If you get an error along the lines of Exception: Pulsar error: ConnectError, try waiting a few seconds and retrying. If that doesn’t work, run docker ps to check on the status of the running image.

Initially, no messages will be published to the topic that the consumer is listening on. This will change when you start up the producer:

$ python producer.py

Once you start up the producer, you should begin to see messages like this via the consumer:

Received message:  {"a": 273,"ago": 273,"am": 273,"an": 273,"and": 547,"apple": 273,"at": 273,"away": 273,"cow": 274,"day": 273,"doctor": 273,"dwarfs": 274,"four": 273,"i": 273,"jumped": 274,"keeps": 273,"moon": 274,"nature": 273,"over": 274,"score": 273,"seven": 547,"snow": 274,"the": 1095,"two": 273,"white": 274,"with": 273,"years": 273}
Received message:  {"a": 284,"ago": 284,"am": 283,"an": 284,"and": 568,"apple": 284,"at": 283,"away": 284,"cow": 283,"day": 284,"doctor": 284,"dwarfs": 284,"four": 284,"i": 283,"jumped": 283,"keeps": 284,"moon": 283,"nature": 283,"over": 283,"score": 284,"seven": 568,"snow": 284,"the": 1134,"two": 283,"white": 284,"with": 283,"years": 284}
Received message:  {"a": 294,"ago": 294,"am": 293,"an": 294,"and": 588,"apple": 294,"at": 293,"away": 294,"cow": 294,"day": 294,"doctor": 294,"dwarfs": 294,"four": 294,"i": 293,"jumped": 294,"keeps": 294,"moon": 294,"nature": 293,"over": 294,"score": 294,"seven": 588,"snow": 294,"the": 1176,"two": 293,"white": 294,"with": 293,"years": 294}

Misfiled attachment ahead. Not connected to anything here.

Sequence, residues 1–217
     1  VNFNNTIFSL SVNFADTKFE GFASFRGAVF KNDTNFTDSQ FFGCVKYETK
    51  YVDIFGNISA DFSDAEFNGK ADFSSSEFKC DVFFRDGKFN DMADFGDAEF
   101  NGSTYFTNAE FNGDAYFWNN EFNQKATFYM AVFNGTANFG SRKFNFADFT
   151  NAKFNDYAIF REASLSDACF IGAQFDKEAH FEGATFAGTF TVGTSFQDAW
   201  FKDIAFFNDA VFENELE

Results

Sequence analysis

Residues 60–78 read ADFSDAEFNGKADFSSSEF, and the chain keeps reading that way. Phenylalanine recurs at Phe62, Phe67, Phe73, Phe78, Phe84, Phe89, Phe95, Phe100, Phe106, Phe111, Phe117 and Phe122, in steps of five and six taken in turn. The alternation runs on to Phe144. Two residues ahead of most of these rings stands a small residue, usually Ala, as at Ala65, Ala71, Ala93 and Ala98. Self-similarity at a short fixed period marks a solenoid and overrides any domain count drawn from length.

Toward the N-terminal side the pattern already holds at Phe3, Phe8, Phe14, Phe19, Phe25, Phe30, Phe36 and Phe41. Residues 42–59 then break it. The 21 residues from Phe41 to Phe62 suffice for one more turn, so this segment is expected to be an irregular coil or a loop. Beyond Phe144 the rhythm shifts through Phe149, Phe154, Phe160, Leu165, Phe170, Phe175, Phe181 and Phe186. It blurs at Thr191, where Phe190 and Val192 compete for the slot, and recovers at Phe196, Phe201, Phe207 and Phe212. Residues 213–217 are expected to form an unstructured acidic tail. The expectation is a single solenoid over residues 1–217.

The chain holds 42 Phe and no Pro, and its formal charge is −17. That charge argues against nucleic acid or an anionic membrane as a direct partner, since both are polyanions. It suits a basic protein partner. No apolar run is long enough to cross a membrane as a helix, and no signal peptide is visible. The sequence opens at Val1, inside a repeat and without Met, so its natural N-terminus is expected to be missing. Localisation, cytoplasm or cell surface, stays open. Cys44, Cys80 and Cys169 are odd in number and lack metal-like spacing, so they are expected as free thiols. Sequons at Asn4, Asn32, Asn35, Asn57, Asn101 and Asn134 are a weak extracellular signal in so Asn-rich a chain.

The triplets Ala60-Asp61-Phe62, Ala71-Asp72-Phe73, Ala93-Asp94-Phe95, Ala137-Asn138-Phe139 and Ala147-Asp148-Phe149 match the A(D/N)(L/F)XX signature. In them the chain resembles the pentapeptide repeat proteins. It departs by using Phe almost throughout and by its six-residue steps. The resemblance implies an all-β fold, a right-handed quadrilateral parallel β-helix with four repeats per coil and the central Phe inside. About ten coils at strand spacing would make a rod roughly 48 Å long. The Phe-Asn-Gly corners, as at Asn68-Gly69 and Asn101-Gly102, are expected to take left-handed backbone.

Received message:  {"a": 304,"ago": 304,"am": 303,"an": 304,"and": 608,"apple": 304,"at": 303,"away": 304,"cow": 305,"day": 304,"doctor": 304,"dwarfs": 304,"four": 304,"i": 303,"jumped": 305,"keeps": 304,"moon": 305,"nature": 303,"over": 305,"score": 304,"seven": 608,"snow": 304,"the": 1218,"two": 303,"white": 304,"with": 303,"years": 304}

The producer, in turn, should be producing output like this:

Sending message - four score and seven years ago
Sending message - i am at two with nature
Sending message - i am at two with nature
Sending message - four score and seven years ago
Sending message - an apple a day keeps the doctor away
Sending message - the cow jumped over the moon
Sending message - snow white and the seven dwarfs

Get the current function status:

curl http://localhost:8080/admin/v2/functions/public/default/wordcount/status

{
  "functionStatusList": [{
    "running": true,
    "numProcessed": "2347",
    "numSuccessfullyProcessed": "2347",
    "lastInvocationTime": "1530237837516",
    "instanceId": "0"
  }]
}

If your output looks something like that, then the sandbox is working! That means that you now have an end-to-end, real-time, stateful processing platform powered by Apache Pulsar (incubating), Pulsar function, and Apache BookKeeper running on your laptop.

Examine Pulsar topics

You can get insight into Pulsar topics using the Pulsar Dashboard. The sandbox uses two topics: sentences and wordcount. You can get info on those topics by navigating to http://localhost:8000/stats/namespace/public/default/ in your browser.

The Pulsar Dashboard updates once every minute.

You can see the input and output topics in Pulsar:

Figure 3. Pulsar Dashboard topics page
Figure 3. Pulsar Dashboard topics page

You can also drill down into the stats of the input topic queue (named sentences):

Figure 4. Pulsar Dashboard sentences topic drilldown
Figure 4. Pulsar Dashboard sentences topic drilldown

We can also take a look at the wordcount topic, which contains word count results:

Figure 5. Pulsar Dashboard word count topic drilldown
Figure 5. Pulsar Dashboard word count topic drilldown